The director of the National Institutes for Health, Dr. Francis Collins, said it’s “unlikely” that a coronavirus vaccine will be ready by October. 

“But I defend the CDC in their effort to try to be sure people are prepared,” Collins said in an interview with CNN.

The US Centers for Disease Control and Prevention has told public health officials around the United States to prepare to distribute a potential coronavirus vaccine as soon as late October. It’s also provided planning scenarios to help states prepare. 

“This is like the Boy Scout motto, ‘Be Prepared,’” Collins said. “Even if it's very low likelihood, if everything happened to come together really beautifully and we had an answer by then and we knew we had a vaccine that was safe and effective, wouldn't you want people to be ready to figure out how to do the distribution? That's all that CDC is saying.”

“Now keep in mind that the likelihood of that is pretty low,” Collins added.

There are currently three vaccines in the US in phase 3 clinical trials.

7:44 p.m. ET, September 2, 2020

Google shares Covid-19 symptoms search data to help in disease research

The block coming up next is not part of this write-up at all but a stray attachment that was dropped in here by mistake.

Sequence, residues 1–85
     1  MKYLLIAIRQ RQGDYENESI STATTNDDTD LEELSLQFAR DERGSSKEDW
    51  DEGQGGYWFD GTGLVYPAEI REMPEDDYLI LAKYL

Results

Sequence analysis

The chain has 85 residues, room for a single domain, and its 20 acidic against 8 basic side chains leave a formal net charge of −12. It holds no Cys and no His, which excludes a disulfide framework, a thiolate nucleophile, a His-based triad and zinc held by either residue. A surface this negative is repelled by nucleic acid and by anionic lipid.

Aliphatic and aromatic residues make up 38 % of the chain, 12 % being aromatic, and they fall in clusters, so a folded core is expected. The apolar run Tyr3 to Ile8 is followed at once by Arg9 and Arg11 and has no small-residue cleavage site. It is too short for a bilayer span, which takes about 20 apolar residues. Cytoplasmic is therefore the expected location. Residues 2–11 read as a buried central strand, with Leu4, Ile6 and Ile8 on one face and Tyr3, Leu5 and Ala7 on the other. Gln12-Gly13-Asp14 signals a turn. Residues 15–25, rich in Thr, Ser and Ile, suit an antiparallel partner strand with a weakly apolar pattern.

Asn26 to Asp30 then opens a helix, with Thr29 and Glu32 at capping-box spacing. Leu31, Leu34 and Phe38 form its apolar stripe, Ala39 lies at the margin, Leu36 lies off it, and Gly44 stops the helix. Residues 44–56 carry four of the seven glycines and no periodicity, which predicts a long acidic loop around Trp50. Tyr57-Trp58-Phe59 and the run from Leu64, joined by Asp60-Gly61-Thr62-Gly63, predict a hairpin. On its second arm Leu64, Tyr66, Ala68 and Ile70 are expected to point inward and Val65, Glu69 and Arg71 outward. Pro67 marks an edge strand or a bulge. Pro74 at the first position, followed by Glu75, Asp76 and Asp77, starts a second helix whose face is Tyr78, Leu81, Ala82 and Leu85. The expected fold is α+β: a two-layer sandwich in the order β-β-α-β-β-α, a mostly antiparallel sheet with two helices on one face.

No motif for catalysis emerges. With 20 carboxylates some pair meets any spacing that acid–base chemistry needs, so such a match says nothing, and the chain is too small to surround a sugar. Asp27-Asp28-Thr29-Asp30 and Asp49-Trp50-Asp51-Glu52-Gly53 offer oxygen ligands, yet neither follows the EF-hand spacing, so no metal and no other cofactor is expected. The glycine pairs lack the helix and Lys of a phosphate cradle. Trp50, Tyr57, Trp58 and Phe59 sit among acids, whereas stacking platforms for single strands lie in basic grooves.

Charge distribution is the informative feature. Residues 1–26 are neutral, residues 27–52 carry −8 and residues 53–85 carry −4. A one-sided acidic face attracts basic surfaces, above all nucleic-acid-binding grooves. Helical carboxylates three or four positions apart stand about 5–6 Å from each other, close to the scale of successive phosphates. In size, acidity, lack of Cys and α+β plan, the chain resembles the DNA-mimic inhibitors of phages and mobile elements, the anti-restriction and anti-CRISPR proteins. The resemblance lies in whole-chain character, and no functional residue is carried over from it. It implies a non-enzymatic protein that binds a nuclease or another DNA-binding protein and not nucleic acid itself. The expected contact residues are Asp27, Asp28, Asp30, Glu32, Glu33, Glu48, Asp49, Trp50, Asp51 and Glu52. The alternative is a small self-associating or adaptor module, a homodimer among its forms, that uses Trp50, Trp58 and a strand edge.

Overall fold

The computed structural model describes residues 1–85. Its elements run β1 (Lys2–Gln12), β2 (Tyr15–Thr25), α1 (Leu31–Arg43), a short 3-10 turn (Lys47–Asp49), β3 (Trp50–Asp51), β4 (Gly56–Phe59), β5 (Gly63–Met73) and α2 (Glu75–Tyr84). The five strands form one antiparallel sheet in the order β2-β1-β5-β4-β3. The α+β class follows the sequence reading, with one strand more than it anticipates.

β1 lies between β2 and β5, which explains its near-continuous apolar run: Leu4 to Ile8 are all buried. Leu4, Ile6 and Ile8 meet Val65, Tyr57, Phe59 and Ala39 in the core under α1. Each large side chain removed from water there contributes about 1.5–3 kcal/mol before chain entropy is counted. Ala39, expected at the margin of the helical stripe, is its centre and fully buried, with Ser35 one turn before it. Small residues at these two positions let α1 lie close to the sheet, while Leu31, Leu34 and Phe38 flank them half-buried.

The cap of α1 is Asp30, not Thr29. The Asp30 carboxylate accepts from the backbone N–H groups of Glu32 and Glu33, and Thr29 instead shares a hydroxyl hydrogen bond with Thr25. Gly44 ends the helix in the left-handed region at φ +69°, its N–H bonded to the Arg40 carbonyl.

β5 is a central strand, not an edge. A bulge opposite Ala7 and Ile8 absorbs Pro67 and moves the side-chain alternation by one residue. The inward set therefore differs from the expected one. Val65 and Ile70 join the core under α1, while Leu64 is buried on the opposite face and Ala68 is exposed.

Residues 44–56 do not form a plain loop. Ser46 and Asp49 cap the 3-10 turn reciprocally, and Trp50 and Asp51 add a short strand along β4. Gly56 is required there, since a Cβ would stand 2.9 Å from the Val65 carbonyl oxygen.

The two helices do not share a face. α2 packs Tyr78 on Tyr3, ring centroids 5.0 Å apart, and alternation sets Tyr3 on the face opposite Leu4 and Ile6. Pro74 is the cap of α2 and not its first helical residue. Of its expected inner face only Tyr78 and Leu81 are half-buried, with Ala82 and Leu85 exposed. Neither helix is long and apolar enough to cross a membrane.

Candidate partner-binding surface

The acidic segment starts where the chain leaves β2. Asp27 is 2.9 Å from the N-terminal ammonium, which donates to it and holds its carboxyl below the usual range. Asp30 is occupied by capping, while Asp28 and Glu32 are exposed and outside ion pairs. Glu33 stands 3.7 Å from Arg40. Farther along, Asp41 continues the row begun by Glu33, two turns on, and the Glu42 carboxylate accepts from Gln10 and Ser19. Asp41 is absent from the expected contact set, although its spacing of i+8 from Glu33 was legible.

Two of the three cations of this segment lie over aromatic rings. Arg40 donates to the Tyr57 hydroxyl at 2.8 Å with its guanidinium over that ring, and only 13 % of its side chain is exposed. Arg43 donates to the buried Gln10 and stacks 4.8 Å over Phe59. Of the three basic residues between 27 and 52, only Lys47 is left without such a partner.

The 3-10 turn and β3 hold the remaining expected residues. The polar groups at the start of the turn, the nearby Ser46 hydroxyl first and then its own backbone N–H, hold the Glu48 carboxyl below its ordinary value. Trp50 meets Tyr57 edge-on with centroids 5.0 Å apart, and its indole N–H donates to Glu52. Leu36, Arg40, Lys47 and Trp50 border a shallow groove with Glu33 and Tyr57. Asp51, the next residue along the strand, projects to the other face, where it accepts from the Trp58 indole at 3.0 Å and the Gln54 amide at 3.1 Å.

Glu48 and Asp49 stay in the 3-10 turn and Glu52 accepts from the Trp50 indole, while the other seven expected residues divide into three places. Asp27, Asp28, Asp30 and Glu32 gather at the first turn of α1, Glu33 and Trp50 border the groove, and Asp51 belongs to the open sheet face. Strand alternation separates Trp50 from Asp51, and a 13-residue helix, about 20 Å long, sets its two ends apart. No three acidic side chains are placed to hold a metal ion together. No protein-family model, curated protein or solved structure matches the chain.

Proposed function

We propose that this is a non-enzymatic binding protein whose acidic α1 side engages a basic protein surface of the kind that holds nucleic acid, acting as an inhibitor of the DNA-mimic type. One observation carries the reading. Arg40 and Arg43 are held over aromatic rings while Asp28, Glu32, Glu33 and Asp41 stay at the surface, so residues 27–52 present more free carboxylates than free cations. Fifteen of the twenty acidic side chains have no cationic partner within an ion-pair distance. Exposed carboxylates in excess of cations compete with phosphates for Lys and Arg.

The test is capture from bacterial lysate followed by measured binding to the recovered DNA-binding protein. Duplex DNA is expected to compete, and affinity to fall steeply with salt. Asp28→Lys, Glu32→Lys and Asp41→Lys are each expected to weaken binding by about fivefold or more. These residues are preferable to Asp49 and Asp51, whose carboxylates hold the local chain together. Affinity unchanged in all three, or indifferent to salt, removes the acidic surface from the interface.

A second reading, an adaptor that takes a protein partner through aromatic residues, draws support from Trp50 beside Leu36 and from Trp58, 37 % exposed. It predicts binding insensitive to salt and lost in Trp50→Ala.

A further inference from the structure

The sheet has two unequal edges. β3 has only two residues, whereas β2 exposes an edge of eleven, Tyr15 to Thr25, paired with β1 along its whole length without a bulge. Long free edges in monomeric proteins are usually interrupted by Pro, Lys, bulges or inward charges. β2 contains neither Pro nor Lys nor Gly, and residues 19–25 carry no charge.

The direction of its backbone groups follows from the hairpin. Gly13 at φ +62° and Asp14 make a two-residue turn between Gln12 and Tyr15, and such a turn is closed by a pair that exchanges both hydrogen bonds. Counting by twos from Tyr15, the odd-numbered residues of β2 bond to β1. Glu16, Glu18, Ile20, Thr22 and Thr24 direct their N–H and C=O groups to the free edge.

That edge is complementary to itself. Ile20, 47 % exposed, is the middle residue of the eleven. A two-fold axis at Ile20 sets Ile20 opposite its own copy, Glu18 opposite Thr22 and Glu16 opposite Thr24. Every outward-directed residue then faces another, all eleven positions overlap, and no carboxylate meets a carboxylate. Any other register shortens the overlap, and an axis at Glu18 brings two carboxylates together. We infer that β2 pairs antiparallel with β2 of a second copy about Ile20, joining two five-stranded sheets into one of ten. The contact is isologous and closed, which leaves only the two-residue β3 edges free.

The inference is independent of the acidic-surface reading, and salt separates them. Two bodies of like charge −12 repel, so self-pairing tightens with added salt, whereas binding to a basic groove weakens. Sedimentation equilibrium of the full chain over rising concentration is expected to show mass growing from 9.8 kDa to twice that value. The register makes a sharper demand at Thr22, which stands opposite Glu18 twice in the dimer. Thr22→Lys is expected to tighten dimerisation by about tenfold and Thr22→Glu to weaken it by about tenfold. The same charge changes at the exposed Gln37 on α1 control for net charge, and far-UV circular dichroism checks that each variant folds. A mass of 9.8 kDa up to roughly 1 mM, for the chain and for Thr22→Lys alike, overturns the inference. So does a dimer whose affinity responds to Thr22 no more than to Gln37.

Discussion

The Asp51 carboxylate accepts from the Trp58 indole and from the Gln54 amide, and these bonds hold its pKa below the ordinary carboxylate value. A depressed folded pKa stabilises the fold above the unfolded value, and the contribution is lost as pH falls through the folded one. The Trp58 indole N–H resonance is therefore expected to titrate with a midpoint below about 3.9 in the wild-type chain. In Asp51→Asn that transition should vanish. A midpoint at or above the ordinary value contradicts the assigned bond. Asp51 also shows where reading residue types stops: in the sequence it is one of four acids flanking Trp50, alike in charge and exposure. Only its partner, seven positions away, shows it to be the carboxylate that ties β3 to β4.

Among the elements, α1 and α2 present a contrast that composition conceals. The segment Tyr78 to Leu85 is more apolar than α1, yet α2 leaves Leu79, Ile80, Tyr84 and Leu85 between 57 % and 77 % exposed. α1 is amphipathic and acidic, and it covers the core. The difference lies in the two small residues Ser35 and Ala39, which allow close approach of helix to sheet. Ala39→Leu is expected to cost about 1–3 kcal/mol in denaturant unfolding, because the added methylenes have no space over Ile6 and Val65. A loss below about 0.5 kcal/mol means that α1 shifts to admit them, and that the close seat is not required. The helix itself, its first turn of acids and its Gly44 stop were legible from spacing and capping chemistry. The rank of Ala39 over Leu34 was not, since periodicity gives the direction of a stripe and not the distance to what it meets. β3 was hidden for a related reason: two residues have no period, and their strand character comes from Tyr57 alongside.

From CNN’s Joe Youorski and Brandon Miller


Google search's data visualization programs now include a platform to see what coronavirus-related symptoms have been looked up by users around the world, the US, states, and counties.

“We hope this data could lead to a better understanding of the pandemic’s impact,” Google said in a blog post Wednesday. “Using the dataset, researchers can develop models and create visualizations based on the popularity of symptom-related searches.”

Google has for years tried to refine algorithms to come up with ways to predict disease activity based on people’s searches for symptoms.

Google search has previously offered data to help researchers studying health impacts from heatwaves, prediction models for the seasonal flu and monitor Lyme disease incidence.


7:12 p.m. ET, September 2, 2020

Brazil reports more than 46,000 new coronavirus infections

From Fernanda Wenzel and Leighton Rowell

Brazil’s health ministry reported 46,934 new Covid-19 cases and an additional 1,184 virus-related deaths on Wednesday.